That’s certainly the case for Shirley Ritchie. When her three children were young, she worked weekends as an operating-room and ER nurse, leaving little room for family fun. Then, at 59, a blocked artery ended her career. A few years later, her son David and his wife, Jacquie, began searching for daycare for their two boys in Brampton, Ont. Shirley lived nearby, so she volunteered her services. Her husband, Len, retired a year later and began helping out, too.

Their friends thought they were overdoing it. Instead of sipping wine, playing euchre and planning vacations, the Ritchies were visiting the zoo, dismantling remote-control cars and collecting buckets of rocks on the way home from school. They’d spend entire afternoons at a model train shop. Once, they took the boys to watch the demolition of an old generating station. “We just loved it,” says 73-year-old Shirley, the loquacious half. “A lot of people retire, and their world sort of falls apart. This gives you a reason to get up in the mor­ning and get organized. It keeps you young at heart.”

Now that the boys are older, the Ritchies’ load is lighter: shuttling them to hockey practice and sailing camp, picking them up after school and accompanying them on field trips. Last year, the couple took a break and sailed away on a European cruise for their 50th anniversary. (They pined for the grandkids.)
 As for the Ritchies’ daughter-in-law, she knows just how lucky she is. “They are incredible,” says Jacquie. “They’ve raised the bar for what grandparents do for their grandkids.”

In many cultures, the Ritchies’ arrangement is the norm. Immigrants to Canada-who now account for one-fifth of the population-are twice as likely to live in multi-generational homes as their Canadian-born counterparts, according to a 2013 report by the Ottawa-based Vanier Institute of the Family, and they are far more likely to provide care to grandchildren. Vancouver graphic designer Adam Vandyck found that out when he married Felicia, an accountant whose parents emigrated from China four decades ago; it was always assumed the couple, both in their early 60s, would act as full-time caregivers to her children. “That was one of the major factors in having kids-it would be easier for us,” says Adam. Daycare for a two-year-old in Vancouver costs an average of $14,000 a year and can go much higher. Those savings allowed him and his wife to buy a home in the most expensive market in the country.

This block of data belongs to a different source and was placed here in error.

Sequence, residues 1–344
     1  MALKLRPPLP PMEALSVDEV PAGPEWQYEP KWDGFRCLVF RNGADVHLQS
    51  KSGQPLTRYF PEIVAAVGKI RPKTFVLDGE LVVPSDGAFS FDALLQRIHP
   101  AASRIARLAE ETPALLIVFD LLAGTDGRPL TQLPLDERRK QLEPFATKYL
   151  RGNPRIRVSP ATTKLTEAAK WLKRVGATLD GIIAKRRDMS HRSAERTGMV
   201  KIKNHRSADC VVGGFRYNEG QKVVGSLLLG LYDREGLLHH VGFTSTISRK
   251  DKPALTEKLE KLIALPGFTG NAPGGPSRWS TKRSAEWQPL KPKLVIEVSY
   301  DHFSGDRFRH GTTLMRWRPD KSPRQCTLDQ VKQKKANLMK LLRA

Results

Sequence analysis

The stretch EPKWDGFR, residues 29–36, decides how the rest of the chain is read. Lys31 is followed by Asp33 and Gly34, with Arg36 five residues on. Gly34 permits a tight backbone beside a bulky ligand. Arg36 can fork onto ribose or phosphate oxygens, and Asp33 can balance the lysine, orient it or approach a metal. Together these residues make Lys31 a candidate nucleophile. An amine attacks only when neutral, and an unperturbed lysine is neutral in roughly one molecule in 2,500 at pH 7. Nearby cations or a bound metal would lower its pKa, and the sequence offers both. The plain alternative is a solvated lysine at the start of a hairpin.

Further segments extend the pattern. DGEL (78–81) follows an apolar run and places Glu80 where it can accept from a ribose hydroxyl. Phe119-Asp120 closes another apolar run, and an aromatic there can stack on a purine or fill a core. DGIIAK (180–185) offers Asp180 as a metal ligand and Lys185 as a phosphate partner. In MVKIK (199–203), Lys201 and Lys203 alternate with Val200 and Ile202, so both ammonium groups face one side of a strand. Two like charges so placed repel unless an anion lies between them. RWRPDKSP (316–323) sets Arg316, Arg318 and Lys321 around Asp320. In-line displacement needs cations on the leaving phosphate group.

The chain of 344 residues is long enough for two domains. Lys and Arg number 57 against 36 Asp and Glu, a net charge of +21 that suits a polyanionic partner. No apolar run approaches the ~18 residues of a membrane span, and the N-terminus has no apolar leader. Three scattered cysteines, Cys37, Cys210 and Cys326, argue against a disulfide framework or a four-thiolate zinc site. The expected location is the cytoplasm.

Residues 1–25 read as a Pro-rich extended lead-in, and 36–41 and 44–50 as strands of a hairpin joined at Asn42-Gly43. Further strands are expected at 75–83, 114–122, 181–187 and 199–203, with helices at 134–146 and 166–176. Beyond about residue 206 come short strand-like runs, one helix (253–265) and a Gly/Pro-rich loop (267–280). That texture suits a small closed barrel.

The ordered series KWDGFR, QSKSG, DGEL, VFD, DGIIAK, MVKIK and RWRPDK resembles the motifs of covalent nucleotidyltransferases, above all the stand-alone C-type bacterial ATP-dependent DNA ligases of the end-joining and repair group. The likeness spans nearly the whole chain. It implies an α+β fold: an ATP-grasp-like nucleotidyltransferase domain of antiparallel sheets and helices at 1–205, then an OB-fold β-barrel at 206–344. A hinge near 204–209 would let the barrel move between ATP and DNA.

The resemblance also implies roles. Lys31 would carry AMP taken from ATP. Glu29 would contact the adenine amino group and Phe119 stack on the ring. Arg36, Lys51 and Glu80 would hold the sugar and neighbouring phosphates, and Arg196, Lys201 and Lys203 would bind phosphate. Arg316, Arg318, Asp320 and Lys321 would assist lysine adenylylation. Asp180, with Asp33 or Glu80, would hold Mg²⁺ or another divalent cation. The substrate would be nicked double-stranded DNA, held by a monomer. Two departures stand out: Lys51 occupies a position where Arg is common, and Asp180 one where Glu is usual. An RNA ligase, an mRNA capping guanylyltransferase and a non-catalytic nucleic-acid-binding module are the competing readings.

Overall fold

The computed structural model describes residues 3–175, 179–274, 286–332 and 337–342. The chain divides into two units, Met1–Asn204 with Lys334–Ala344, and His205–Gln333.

Each morning, he drops off his two boys-ages four and one-at Po Po and Gong Gong’s toy-filled house. “It’s unreal,” says Adam reverentially. “Felicia’s parents ask nothing of us, except to be around the kids.” The Vandycks’ four-year-old already speaks English and Cantonese fluently, and their youngest jumbles both. Felicia has broached buying a duplex so they can all live together. Many kids-in-law would cringe at that thought. Not Adam. To him, it’s a fair trade for all the support he and his wife have received over the years. As for his own parents, Adam grumbles that they live just down the street but so far haven’t demonstrated much interest in their grandsons.
Of course, there are downsides to handing your brood over to someone else, even family. Recently, Adam became concerned that his eldest son was taking advantage of his Po Po, who does the bulk of child minding, since her husband still works full-time. Shopping trips were turning dictatorial-and the power wasn’t flowing from the direction one might expect. When the little boy demanded a toy, the discipline-averse grandmother would concede. Adam’s attempts to intervene resulted in his mother-in-law bursting into tears and locking herself in the bathroom. He’s learned to be less blunt.